What can Egypt bring to the U.N. Security Council?

President of Egypt Abdel Fattah el-Sisi addresses addresses attendees during the 70th session of the United Nations General Assembly at the U.N. headquarters in New York, September 28, 2015. (Reuters)

Egypt has been elected as a non-permanent member of the U.N. Security Council for the sixth time.

The election shows that the country “has regained its international weight and regional leadership,” former Al-Ahram editor-in-chief Osama Saraya told Al Arabiya News.

The 193-member U.N. General Assembly elected Egypt with 179 votes in favor and none opposed.

Regional conflicts

It gives the country a “golden opportunity to translate to the international community what is really happening on the ground regarding the fight against terrorism,” Saraya said. “This is very important, as the fight against terror is related to most conflicts in the region.”

Saraya added that due to its “objectivity,” Egypt has acquired the ability to “talk to various parties in the [Syrian] conflict, including Russia and the United States, which it will use as a tool to bring solutions to the table.”

Amani al-Tawil, a political analyst with the Ahram Center for Political and Strategic Studies, told Al Arabiya News that Egypt is also “likely to play a central role in reviving the stalled peace process” between Israel and the Palestinians.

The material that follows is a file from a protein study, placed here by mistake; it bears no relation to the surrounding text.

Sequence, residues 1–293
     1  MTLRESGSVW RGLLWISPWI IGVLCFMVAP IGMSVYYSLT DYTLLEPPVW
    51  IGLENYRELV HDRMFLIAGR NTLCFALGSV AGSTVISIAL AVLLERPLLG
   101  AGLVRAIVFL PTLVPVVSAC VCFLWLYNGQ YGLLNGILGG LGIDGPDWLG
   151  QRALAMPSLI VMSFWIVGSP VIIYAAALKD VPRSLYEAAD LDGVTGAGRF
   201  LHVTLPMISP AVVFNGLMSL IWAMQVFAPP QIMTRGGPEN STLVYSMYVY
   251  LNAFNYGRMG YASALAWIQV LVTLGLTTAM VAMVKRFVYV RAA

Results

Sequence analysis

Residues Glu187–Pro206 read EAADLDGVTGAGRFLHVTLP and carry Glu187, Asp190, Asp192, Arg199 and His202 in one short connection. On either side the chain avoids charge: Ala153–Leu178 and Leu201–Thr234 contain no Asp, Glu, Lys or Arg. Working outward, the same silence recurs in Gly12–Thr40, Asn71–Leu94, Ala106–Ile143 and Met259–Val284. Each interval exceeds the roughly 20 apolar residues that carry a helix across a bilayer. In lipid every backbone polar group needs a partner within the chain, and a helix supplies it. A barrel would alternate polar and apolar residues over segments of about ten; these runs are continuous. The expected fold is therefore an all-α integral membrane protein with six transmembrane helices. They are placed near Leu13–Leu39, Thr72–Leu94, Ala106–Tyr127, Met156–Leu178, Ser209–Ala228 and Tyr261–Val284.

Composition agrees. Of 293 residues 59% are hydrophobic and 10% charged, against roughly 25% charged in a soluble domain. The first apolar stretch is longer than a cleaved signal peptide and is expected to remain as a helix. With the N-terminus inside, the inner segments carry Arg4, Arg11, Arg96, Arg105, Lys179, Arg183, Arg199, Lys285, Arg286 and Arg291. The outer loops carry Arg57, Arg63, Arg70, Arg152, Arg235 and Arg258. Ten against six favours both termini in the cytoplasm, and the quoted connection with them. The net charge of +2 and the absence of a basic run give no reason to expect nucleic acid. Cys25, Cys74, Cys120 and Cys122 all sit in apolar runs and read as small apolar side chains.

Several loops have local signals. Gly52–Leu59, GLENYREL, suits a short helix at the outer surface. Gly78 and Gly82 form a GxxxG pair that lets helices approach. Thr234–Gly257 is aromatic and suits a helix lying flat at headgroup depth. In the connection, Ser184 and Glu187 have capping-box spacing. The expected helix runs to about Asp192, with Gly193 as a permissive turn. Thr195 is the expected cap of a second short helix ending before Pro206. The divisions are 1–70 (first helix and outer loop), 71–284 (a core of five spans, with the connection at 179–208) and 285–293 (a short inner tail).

Cairo has “already proposed solutions regarding the matter, and will push even harder in the coming month, especially with the recent escalation between Palestinians and Israeli forces,” she added.

In 2014, Egypt garnered international praise for helping to broker a ceasefire between Israel and Palestinian movement Hamas, which governs the Gaza Strip.

Saraya said other conflicts in the region were also expected to be addressed during Egypt’s tenure in the Security Council, including Iraq and Yemen.

Tawil said Cairo would also “try to shed light on the economic struggles of third-world countries.”

However, Tawil said Egypt’s power in the Security Council would be limited, as “the country doesn’t have the right to veto any decision, but can only propose solutions to end conflicts.”

Meanwhile, Sayed Amin Shalaby - Egypt’s former ambassador to Norway, and executive director of the Egyptian Council for Foreign Affairs (ECFA) - told Al Arabiya News that “the country will also have to handle international issues from the perspective of third-world countries especially that they have helped it obtain its seat at the U.N.”

Shalaby added that the “fight against terrorism” remains the most important matter that Egypt can tackle during its mandate thanks to its “huge experience in the field.”

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Last Update: Wednesday, 20 May 2020 KSA 09:45 - GMT 06:45
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